Thursday, March 10, 2016


Roy Ward Baker, 1968
Starring: Bette Davis, Sheila Hancock, James Cossins, Jack Hedley, Elaine Taylor

“If I could stuff you, I’d put you in that cabinet there with my other beautiful possessions, and that’s love.”

A one-eyed, razor sharp matriarch, Mrs. Taggert, brings her family together every year to celebrate her anniversary with her beloved late husband. She has total control over her three adult sons — the submissive eldest, Henry, who lives at home and is a transvestite, the fearful middle child, Terry, who has a wife and five children, and the charming youngest, Tom, who is the only one his mother seems to like — but two of them are announcing their plans to escape from her. Terry and his family declare their plans to move to Canada, partly because Terry’s wife Karen is desperate to get away, while Tom introduces his (secretly pregnant) fiancee Shirley. Will any of them survive the weekend with mommy dearest?

Based on a play by Bill MacIlwraith and with a script from Hammer’s resident screenwriter, Jimmy Sangster, this is quite a departure from the studio’s first “hag horror” effort with Bette Davis, The Nanny. More of a black comedy or dark melodrama than an outright horror film, this is perhaps Davis’s most enjoyable role as an older actress and she obviously enjoyed every minute of the shoot. Her opening scene says it all: she descends the stairs to musical accompaniment — wearing a matching red eyepatch, dress, and lipstick — but trips at the bottom step and mutters, “bloody hell,” as her first line of dialogue.

Sangster actually re-wrote the script just for Davis to come on board and the studio went as far as replacing the original director — Alvin Rakoff of City on Fire — with Hammer regular Roy Ward Baker when Rakoff and Davis clashed on set. It’s a good thing too, as Davis drips glee and malice in equal measures, making for a dialogue-heavy but absolutely delightful 90 minutes. She chews scenery better than probably anyone but Vincent Price, though she never goes completely off the rails as she did in The Nanny. Of course, I’m a huge Davis fan, so I’m biased; I love her in everything from The Letter (1940) to All About Eve (1950) and original hag horror films What Ever Happened to Baby Jane? (1962) and Hush… Hush, Sweet Charlotte (1964), as well as later appearances like Death on the Nile (1978) and The Watcher in the Woods (1980).

Part of what makes her so wonderful here is that she doesn’t completely upstage the rest of the cast and this is far more of an effective ensemble piece than The Nanny. Actors from the stage production such as Jack Hedley (in everything from Lawrence of Arabia to New York Ripper), James Cossins (Fawlty Towers), and Sheila Hancock (Night Must Fall) reprised their roles. Cossins is particularly great as the cross-dressing Henry, who provides some much needed comic relief and manages to be deeply sympathetic at the same time. His scene with the lovely Elaine Taylor (Casino Royale, wife of Christopher Plummer) is one of my favorites in the film: after she catches him in the guest bedroom, wearing her lingerie, they have a sweet moment where she attempts to understand his “affliction.” He explains, in one of the film’s many quotable lines, “If I didn’t do what I do, there’s no saying what I might… do. You know what I mean?”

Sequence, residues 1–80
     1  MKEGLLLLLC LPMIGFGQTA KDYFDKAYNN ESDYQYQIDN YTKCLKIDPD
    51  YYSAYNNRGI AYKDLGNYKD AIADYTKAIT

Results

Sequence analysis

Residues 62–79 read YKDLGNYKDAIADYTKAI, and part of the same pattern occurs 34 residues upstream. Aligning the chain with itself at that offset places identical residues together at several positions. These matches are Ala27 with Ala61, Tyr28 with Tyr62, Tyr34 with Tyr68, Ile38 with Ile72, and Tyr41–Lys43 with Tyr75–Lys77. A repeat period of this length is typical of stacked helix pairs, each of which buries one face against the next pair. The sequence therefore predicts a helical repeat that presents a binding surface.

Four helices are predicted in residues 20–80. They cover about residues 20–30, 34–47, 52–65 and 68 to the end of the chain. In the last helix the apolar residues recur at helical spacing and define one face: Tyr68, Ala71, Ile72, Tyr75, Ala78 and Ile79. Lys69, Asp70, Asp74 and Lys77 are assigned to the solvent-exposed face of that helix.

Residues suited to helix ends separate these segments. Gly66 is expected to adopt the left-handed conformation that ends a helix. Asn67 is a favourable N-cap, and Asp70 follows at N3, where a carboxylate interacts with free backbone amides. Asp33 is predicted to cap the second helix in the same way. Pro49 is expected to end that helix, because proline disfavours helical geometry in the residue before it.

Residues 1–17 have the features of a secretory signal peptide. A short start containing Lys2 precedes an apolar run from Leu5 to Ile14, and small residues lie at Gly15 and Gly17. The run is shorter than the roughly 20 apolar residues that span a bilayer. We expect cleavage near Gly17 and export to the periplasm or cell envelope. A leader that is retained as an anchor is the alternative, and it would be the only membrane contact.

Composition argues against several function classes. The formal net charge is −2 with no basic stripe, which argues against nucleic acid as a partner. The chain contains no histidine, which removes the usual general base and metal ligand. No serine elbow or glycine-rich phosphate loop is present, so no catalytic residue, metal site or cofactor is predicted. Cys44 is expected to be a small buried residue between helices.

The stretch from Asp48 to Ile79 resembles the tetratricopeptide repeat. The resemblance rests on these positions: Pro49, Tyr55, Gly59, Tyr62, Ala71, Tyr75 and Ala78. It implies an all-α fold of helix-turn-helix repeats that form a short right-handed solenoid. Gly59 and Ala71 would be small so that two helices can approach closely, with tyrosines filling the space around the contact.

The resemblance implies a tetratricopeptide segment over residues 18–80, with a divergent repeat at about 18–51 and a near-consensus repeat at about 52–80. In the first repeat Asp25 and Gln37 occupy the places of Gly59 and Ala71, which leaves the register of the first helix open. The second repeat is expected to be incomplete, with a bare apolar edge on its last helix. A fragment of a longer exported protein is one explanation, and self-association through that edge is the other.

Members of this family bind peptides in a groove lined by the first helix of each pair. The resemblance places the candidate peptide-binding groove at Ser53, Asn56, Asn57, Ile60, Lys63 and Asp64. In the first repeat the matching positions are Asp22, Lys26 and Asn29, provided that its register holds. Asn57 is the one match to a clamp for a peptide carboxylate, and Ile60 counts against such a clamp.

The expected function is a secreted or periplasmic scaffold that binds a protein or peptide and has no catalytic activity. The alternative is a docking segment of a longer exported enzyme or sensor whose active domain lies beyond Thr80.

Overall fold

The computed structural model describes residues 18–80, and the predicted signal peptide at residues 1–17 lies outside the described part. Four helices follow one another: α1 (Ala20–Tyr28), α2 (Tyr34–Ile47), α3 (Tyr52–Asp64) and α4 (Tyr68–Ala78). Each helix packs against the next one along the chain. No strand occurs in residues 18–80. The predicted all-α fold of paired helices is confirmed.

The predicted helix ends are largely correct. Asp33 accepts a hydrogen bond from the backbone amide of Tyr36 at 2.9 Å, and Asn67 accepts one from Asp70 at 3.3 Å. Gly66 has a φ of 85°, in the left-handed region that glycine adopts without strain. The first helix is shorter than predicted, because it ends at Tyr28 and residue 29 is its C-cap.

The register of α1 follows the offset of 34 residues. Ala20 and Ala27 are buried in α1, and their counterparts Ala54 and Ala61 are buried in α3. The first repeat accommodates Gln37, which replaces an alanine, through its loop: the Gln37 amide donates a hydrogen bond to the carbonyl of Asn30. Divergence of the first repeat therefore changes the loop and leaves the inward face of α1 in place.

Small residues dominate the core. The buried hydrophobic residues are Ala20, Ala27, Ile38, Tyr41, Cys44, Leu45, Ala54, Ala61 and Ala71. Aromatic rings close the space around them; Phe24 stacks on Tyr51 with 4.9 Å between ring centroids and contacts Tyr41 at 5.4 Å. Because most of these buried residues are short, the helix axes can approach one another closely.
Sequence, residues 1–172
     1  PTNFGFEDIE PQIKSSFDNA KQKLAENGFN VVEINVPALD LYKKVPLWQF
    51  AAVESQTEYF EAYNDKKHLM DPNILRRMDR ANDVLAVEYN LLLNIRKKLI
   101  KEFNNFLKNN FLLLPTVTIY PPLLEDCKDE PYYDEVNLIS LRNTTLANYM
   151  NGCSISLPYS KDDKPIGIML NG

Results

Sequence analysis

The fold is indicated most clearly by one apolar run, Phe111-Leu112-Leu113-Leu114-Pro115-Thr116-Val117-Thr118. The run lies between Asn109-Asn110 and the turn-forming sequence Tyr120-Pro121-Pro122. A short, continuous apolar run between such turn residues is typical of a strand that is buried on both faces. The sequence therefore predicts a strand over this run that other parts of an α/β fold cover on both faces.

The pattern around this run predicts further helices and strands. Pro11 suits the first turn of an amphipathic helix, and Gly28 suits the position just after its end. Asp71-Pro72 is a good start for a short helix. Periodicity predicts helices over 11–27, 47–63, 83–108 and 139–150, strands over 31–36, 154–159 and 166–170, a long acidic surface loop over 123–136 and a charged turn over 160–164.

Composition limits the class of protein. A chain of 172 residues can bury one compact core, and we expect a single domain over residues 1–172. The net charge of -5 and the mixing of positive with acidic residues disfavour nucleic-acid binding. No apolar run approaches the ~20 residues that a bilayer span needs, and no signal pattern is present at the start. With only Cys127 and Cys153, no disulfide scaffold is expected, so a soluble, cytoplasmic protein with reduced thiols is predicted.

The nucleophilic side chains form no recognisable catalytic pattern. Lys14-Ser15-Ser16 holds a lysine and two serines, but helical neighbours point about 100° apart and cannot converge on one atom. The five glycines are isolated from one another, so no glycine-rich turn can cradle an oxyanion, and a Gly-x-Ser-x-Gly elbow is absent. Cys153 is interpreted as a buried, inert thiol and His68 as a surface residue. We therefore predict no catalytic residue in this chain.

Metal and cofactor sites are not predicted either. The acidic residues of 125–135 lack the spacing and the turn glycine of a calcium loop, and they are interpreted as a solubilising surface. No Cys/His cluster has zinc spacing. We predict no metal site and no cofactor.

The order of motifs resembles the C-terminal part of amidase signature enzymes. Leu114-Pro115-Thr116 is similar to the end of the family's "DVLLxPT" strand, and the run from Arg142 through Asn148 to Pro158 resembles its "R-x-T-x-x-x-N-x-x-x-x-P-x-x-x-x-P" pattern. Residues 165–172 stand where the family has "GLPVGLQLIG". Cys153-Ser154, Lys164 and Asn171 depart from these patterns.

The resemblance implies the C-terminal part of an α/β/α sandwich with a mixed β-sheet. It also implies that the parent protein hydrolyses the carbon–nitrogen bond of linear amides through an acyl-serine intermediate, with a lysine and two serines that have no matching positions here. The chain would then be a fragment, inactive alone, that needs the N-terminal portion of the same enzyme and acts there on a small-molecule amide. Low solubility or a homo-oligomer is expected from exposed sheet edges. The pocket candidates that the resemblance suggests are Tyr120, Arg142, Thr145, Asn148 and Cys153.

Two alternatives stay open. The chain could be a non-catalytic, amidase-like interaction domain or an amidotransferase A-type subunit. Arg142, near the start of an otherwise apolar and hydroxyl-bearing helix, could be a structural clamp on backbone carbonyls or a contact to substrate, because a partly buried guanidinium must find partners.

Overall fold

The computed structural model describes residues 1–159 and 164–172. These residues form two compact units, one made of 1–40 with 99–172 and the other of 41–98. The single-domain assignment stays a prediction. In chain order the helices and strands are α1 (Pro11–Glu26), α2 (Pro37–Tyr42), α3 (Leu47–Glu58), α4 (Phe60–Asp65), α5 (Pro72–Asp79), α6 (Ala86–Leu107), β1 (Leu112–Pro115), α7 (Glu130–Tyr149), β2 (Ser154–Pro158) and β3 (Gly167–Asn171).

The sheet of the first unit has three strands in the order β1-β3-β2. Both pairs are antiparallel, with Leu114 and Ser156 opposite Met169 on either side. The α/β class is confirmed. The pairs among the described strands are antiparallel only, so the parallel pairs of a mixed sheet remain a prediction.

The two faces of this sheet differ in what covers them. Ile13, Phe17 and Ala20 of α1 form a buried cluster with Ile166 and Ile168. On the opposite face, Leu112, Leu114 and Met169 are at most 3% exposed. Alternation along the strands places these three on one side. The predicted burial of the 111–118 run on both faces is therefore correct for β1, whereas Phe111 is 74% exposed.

Be forewarned: this is more of a restrained chamber piece than a horror film and if you’re expecting something as off the rails as Fanatic or The Nanny, you’re going to be disappointed. Apparently the film was a commercial failure, I think primarily because audiences just didn’t know what to make of it. It eventually becomes obvious that no one is actually going to be murdered, though Mrs. Taggert torments the women of the house, nearly driving them to violence. She convinces her daughter in law, Karen, that her five children were in a car accident and are in critical care. Later, in another absolutely off the wall scene, Tom convinces Shirley to have sex on his mother’s bed, but she rolls over and finds one of Mrs. Taggert’s glass eyes, provoking so much hysteria that she nearly has a miscarriage. This the point where I would have liked to see things erupt in violence, but instead there’s a subdued, almost more wicked ending where it’s clear that Mrs. Taggert has just had the time of her life and there will never be any clear resolution for her poor family.

The Anniversary is only going to appeal to a very specific audience — probably one who enjoys black comedies and unusual melodramas — and if you’re expecting one of Hammer’s traditional Gothic horror films, that’s the last thing you’re going to get. Personally, I think this attempt at something new is refreshing and Davis is wonderful to behold; her performance makes the film well worth watching. Pick it up on DVD. 

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